In its early days, the founders of MercadoLibre wanted to ensure that their online company, considered the eBay of Latin America, just survived.
The e-commerce enterprise, founded in 1999 by several Stanford Graduate School of Business alumni, has not only survived but thrived, and is now taking strategic steps to beef up its services as more users throughout the region flock to the internet.
The Latin American online e-commerce site recently announced its first quarterly dividend on the heels of a $6 million profit and $200 million in revenue last year. "It's a great thing to be able to give back to our shareholders some of the money they have invested," said CEO Marcos Galperin, MBA '99, who founded MercadoLibre — Spanish for "free market" — right after graduating from Stanford GSB.
Galperin addressed more than 100 students at the GSB on March 3 as part of the Global Speaker Series, an event cosponsored by the Latin America Student Association and the Entrepreneurship Club. He detailed moves the company is making to capitalize on the trends that have boosted internet penetration in the region from 3% in 1999 to 36% today.
MercadoLibre is the dominant e-commerce platform in Latin America, with 31.8 million unique visitors last year and an average of 1.7 billion pages viewed monthly. Launched in Argentina, the company now operates in 12 countries, including Brazil, its largest single market. U.S.-based auction giant eBay took a 20% stake in 2001 and is MercadoLibre's biggest minority shareholder.
While 30% of the Latin American population uses the internet today — still a fraction of North America's 75% rate — Galperin remains optimistic. "Internet and broadband penetration is still low," he admits, "but it's growing very fast. We believe that during the next 10 years we will continue to see very strong growth in our business."
In addition to buoying investors, MercadoLibre is also boosting the fortunes of Latin American entrepreneurs. During the Argentine economic crisis of 2001 and 2002 traffic increased as residents who had lost access to their financial holdings turned to MercadoLibre to sell their assets. Last year, 16 million Latin Americans sold items using the company's site, and 52,000 people make their living selling goods there.
"Recently, I was in Brazil with a seller who has 160 employees. They solely sell on our platform, so we are really enabling very large businesses," Galperin said. "That's something that I'm very proud of."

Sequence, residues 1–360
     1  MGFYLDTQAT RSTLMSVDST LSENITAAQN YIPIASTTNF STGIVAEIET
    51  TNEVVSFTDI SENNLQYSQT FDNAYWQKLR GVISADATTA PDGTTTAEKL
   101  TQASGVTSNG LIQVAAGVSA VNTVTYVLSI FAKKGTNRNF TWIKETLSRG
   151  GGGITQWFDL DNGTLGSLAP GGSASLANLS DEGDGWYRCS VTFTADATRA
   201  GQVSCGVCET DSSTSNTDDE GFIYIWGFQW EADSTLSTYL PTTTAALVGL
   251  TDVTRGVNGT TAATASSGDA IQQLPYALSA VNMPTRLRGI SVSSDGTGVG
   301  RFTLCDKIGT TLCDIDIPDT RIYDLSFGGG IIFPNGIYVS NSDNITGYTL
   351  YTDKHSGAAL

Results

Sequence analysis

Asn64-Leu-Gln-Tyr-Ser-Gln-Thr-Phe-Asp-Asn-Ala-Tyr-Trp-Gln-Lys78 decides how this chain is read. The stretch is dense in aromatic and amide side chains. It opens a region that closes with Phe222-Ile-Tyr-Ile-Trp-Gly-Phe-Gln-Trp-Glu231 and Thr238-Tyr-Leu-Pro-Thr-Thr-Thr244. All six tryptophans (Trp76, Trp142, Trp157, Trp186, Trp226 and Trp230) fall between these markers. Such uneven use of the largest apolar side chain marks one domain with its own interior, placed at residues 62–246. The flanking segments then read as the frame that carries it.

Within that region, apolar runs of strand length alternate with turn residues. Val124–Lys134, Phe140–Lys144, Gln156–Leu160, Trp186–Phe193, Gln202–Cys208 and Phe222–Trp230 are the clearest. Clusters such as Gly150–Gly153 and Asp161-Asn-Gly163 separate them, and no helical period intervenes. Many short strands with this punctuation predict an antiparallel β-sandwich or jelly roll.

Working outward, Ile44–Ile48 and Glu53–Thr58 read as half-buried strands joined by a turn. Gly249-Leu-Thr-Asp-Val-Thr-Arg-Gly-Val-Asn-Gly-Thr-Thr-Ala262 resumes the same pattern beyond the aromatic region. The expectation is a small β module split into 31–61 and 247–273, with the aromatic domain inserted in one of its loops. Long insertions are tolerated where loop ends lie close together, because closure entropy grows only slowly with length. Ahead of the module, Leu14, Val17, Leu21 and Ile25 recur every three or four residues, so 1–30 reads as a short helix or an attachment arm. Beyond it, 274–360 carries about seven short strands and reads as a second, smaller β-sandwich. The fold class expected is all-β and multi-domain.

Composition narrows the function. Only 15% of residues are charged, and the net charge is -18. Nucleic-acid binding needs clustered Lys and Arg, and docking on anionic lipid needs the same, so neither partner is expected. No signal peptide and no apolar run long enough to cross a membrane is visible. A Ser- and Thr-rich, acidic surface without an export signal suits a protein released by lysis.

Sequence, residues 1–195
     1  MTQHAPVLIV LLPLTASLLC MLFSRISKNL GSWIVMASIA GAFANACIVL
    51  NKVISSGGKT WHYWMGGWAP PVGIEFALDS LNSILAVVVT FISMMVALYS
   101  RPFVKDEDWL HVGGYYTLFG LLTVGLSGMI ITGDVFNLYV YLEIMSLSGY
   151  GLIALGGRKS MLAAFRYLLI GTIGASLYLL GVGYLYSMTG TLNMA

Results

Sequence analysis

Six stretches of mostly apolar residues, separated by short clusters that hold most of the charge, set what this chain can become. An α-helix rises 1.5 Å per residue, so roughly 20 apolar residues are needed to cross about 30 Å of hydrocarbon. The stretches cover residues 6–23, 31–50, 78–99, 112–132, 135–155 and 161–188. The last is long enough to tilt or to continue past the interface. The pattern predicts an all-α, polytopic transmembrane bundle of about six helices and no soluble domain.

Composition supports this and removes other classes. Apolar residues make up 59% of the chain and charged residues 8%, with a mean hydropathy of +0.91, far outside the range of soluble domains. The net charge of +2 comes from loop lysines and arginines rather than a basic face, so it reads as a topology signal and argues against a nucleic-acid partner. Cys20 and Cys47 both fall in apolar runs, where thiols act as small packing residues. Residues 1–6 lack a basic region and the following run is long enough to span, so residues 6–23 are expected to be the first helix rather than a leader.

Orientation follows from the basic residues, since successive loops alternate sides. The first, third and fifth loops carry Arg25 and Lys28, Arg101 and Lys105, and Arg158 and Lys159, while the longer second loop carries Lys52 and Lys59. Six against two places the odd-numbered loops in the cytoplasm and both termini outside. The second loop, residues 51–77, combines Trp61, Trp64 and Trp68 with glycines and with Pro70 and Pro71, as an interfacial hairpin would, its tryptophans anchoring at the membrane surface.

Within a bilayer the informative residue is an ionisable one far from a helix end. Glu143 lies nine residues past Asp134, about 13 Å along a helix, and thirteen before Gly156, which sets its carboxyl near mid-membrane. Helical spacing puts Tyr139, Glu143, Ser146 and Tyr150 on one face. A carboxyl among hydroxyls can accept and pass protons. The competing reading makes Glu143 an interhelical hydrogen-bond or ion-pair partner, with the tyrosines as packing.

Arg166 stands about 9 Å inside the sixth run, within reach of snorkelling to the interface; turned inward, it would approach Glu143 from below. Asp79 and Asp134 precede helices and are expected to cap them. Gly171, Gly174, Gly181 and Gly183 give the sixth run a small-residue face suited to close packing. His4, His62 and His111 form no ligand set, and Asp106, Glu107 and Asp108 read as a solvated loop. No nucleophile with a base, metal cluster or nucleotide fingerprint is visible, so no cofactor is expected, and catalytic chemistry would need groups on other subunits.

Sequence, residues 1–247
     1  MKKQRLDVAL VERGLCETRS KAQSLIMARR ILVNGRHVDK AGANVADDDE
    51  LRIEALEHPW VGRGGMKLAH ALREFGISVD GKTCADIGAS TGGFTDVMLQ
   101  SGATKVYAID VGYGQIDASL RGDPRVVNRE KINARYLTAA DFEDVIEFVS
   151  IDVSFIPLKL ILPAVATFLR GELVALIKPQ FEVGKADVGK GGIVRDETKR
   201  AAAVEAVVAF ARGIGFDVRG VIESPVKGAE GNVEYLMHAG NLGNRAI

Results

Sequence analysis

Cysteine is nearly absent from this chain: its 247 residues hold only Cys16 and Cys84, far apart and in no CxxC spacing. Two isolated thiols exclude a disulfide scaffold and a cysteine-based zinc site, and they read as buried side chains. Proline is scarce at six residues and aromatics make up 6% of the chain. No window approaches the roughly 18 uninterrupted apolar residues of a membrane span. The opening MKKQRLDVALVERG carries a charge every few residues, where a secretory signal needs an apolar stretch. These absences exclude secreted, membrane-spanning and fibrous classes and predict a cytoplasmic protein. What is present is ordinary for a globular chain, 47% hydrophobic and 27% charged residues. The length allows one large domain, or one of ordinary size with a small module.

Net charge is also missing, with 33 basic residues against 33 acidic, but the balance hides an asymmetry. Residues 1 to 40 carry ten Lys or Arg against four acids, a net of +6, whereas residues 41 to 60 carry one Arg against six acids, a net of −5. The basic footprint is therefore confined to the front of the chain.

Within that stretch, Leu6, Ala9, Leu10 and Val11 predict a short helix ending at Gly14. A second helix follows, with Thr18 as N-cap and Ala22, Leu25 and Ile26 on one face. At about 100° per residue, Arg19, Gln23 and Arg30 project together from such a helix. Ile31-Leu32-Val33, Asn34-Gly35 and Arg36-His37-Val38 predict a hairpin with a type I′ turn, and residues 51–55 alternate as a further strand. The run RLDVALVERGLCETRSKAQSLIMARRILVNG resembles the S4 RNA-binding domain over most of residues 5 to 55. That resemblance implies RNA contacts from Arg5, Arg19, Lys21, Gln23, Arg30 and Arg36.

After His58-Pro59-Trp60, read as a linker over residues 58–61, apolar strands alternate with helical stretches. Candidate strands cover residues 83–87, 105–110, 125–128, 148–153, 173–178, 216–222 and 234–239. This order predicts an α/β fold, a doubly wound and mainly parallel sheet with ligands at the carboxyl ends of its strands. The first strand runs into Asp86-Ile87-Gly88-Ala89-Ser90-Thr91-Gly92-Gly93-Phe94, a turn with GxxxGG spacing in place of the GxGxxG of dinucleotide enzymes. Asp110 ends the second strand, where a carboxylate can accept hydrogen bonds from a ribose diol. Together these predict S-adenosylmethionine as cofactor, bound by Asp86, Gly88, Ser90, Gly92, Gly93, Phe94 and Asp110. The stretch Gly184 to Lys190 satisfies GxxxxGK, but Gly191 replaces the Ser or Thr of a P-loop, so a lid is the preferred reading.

After an initial public offering on the NASDAQ in 2007, the company used its cash for a string of acquisitions, starting with classifieds payer Tucarro.com, a business that's strong in Colombia and Venezuela, which MercadoLibre bought in 2008.
Also in 2008, the business spent $50 million to purchase the remaining half of competitor DeRemate.com, which was founded and run by a group of Harvard MBAs. The rival startup had raised more first-round funding than MercadoLibre's $52 million. However, after reaching break-even status in 2005, MercadoLibre began buying an interest in DeRemate.com. "So, Stanford is better than Harvard," Galperin quipped.
Joking aside, he added that that MercadoLibre ended up a survivor in part because they spent frugally on expensive advertising in the early 2000s, when internet penetration was in the single digits. "We really saved the money for the rainy days," said Galperin. "So, when our competitors ran out of cash, we still had $40 million in the bank. That was important."
Since 2004, his firm has operated its own secure payments system, MercadoPago, which functions much like PayPal in the United States. Shoppers are required to use the system when buying in six countries and about 20% of online transactions are processed with MercadoPago now, up from 6% in 2005.
In 2009 came the launch of two new divisions — the MercadoClics search advertising business and MercadoShops, a collection of 5,000 web stores.
Taking a page from Craigslist, the company also offers free classified listings, a segment that was considered a gamble when MercadoLibre introduced it recently. Since the company also sells paid listings, there was concern that no-cost ads would cannibalize that business.
However, Galperin said, "In Latin America you have millions of people who are accessing the internet for the first time. We didn't want to have any barrier between these people and our platform, so we're happy to have them list for free." As it turned out, some customers placed free listings initially, but eventually upgraded to paid listings, which are more prominently displayed.
MercadoLibre's relationship with investor eBay extends beyond the cash. Sharing best practices has also been extremely valuable, Galperin explained: "Coming to the board meetings of eBay and sharing knowledge with them — learning from the things they were doing right and the things they were doing wrong — was incredibly advantageous for us."
Some students attending the talk aim to start their own internet ventures and peppered Galperin for advice. One of his regrets is not having a stronger technical background.
"You leave here knowing accounting, and you can interact with an auditor and discuss profit and losses with them," he said. "You cannot interact with a developer and discuss the way they have written code. That's a big handicap."
To compensate, he urged MBA entrepreneurs to find a partner with an ironclad grounding in technology.
He also encouraged students to think long term. With many unexpected snags an inevitable part of the entrepreneurial journey, he cautioned, "If your motivation is just to do an initial public offering or have an exit or sell your company, it's not enough."